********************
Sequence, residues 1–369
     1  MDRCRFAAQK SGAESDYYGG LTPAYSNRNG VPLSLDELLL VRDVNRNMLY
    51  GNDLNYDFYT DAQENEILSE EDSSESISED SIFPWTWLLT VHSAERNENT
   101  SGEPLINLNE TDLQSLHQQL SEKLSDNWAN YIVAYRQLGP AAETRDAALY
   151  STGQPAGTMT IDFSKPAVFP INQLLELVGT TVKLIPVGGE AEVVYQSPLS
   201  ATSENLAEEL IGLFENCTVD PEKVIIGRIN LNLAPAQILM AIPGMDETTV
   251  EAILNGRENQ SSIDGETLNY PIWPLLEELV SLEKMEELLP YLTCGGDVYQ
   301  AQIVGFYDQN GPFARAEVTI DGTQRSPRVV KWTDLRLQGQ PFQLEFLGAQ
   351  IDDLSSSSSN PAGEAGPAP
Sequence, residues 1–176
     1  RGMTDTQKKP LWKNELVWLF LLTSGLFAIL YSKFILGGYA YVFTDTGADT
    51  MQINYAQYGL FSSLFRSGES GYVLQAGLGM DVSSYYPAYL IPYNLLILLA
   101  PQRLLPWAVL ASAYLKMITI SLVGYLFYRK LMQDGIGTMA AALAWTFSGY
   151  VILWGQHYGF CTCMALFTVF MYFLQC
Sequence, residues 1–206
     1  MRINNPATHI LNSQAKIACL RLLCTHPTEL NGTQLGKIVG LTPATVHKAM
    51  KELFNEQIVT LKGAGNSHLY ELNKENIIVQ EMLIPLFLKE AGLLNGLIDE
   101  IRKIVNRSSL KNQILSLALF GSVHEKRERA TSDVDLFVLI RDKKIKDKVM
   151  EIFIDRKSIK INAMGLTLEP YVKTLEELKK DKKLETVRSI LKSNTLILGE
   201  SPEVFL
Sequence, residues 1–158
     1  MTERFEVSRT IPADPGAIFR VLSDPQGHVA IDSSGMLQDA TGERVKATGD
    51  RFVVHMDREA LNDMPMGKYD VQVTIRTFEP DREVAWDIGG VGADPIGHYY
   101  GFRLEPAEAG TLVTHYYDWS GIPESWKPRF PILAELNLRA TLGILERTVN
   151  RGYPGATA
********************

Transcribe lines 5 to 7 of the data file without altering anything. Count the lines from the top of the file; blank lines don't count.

   151  STGQPAGTMT IDFSKPAVFP INQLLELVGT TVKLIPVGGE AEVVYQSPLS
   201  ATSENLAEEL IGLFENCTVD PEKVIIGRIN LNLAPAQILM AIPGMDETTV
   251  EAILNGRENQ SSIDGETLNY PIWPLLEELV SLEKMEELLP YLTCGGDVYQ